Equity Markets Bounce Back in First Quarter

Not to spoil the party, but amid the sharply positive rebound in equity markets, we’re mindful of the growing tug-of-war between equity and bond investor views.

04.25.2019 - Ian Riach, Chief Investment Officer

Equity Markets Bounce Back in First Quarter

By Ian M. Riach,
Chief Investment Officer

Investor sentiment did an abrupt about-face from the latter part of last year, causing a sharp rebound in global equity markets in the first quarter of 2019. Major developed markets rose 12% to 14% in local currency terms, nearing last fall’s peaks.[1] Investors appeared to change their view that a US recession was in store for 2019, pushing expectations out to later in 2020. These views seemed to be backed by central bank attitudes, which became more dovish and resulted in a hold on further rate increases. A low and steady interest rate environment is supportive of higher equity prices.

Bond prices also rallied, causing the 10-year Government of Canada bond yield to fall from a high of over 2% to approximately 1.5% at the end of March. The decline brought yields to levels earned on much shorter-dated money market instruments, resulting in a very flat yield curve. In fact, the yield curve inverted slightly during the quarter, with three-month treasury bills providing higher yields than 10-year bonds in both Canada and the United States. In previous market cycles, an inverted yield curve has sometimes foreshadowed the onset of a recession. While there is some debate among market watchers that “this time is different,” at the very least, the bond market is signalling that an economic slowdown is evident.

Overseas markets, including Emerging Markets, also performed well, but lagged North America somewhat. Mixed economic numbers and the overhanging Brexit situation prompted investors to favour more stable North American markets. Canada was a net beneficiary of this, and returns, compared to foreign markets, were bolstered by our strong dollar, which gained over 2% against the US dollar. Higher oil prices also helped, as the benchmark West Texas Intermediate (WTI) crude oil price rose from around $45 to $60.[2] As importantly, the differential between the WTI and Western Canadian Select price returned to historical levels.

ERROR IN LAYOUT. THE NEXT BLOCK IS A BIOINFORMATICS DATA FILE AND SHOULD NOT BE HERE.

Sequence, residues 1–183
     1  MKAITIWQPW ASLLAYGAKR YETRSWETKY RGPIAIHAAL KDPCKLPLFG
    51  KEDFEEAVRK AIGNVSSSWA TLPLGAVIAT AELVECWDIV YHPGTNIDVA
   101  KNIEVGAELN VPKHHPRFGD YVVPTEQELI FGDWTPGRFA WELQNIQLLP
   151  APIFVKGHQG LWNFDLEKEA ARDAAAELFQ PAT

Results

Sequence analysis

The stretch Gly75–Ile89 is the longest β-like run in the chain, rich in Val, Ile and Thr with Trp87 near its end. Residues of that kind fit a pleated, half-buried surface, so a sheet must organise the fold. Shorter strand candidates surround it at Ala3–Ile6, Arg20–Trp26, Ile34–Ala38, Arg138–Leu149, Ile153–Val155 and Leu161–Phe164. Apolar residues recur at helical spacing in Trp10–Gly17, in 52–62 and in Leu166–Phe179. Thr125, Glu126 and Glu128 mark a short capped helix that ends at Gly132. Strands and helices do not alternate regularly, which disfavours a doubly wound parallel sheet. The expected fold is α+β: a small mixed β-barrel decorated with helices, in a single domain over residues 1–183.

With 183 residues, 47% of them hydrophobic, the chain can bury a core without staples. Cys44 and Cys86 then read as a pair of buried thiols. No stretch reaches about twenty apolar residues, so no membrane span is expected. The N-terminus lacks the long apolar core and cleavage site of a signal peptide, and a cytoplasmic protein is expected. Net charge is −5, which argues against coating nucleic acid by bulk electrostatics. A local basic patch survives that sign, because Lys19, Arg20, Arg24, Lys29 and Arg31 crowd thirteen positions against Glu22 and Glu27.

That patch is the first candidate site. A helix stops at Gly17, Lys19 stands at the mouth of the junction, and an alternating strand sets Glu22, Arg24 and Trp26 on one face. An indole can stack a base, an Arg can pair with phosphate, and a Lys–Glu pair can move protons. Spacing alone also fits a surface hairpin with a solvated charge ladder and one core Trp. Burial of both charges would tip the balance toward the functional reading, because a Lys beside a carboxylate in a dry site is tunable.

Equity and bond investors clearly have differing views these days. Based on several themes, equity investors are signalling,“all is well.” For instance, though the global economy may be slowing, it is still growing. Interest rates remain low and look to remain low for some time, so higher valuations are justified. Corporate fundamentals remain positive and fears of rising input costs, such as wages, are seemingly being offset by productivity gains. All these arguments make up the “bull case” for some investors.

Meanwhile, the bond market is saying that economic growth is definitely slowing and recession risk is high, especially if there is a surprise to inflation rates, which could cause central banks to overshoot. Given this tug-of-war, we expect volatility to remain high. In this environment, we do not think it is prudent to take an aggressive stance on risk assets and prefer to be positioned a bit defensively.






1. All performance numbers sourced from Bloomberg Finance L.P.
2. Bloomberg Finance L.P.


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